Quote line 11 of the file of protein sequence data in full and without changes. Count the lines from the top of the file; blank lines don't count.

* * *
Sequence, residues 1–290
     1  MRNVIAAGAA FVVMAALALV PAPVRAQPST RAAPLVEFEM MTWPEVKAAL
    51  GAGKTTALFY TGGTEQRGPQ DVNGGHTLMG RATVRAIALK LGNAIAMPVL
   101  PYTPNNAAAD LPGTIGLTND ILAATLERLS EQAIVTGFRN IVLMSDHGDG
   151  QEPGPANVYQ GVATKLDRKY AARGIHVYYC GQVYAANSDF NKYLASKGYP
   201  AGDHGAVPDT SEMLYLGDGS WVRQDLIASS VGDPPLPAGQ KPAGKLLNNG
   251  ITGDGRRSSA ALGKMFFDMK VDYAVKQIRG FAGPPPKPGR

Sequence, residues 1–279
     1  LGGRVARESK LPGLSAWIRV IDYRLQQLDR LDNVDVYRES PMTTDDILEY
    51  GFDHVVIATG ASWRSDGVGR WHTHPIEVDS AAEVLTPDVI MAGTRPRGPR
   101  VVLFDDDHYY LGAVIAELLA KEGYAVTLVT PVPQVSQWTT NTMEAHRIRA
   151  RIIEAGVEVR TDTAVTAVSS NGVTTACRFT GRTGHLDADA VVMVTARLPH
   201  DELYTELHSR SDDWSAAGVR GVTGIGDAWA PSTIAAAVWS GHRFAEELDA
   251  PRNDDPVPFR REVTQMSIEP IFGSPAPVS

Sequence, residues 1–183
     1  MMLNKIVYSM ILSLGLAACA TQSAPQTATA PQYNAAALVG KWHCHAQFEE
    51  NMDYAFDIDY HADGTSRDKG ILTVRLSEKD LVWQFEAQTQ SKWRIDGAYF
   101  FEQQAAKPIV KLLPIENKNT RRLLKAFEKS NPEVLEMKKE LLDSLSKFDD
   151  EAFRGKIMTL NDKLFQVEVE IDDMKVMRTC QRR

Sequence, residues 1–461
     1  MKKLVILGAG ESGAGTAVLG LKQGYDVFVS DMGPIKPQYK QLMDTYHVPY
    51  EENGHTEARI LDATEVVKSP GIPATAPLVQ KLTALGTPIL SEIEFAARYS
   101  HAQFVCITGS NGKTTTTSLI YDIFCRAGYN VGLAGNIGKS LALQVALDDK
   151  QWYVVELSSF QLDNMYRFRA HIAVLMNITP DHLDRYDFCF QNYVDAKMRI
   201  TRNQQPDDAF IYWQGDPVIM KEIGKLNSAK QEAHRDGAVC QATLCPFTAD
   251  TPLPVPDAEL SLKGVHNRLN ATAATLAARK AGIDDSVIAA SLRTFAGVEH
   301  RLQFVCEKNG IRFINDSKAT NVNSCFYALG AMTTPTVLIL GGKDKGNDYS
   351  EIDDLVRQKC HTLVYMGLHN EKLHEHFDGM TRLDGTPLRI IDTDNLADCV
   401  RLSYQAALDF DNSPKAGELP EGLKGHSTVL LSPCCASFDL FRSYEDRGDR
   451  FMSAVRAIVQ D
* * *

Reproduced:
   101  VVLFDDDHYY LGAVIAELLA KEGYAVTLVT PVPQVSQWTT NTMEAHRIRA